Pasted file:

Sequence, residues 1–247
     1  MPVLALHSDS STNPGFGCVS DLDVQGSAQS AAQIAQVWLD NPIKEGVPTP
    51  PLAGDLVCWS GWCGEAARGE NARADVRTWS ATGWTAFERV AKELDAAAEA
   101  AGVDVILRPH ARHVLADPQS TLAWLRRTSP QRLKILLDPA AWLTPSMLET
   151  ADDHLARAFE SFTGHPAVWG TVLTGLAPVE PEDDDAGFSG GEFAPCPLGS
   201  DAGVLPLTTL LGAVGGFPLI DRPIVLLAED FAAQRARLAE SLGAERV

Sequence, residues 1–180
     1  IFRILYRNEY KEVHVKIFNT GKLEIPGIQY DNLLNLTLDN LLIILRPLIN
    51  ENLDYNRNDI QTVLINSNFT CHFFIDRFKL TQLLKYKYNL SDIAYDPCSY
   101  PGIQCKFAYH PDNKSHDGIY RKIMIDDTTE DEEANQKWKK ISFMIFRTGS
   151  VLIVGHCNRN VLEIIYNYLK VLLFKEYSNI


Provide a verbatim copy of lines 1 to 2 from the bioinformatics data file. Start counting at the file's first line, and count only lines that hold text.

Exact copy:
Sequence, residues 1–247
     1  MPVLALHSDS STNPGFGCVS DLDVQGSAQS AAQIAQVWLD NPIKEGVPTP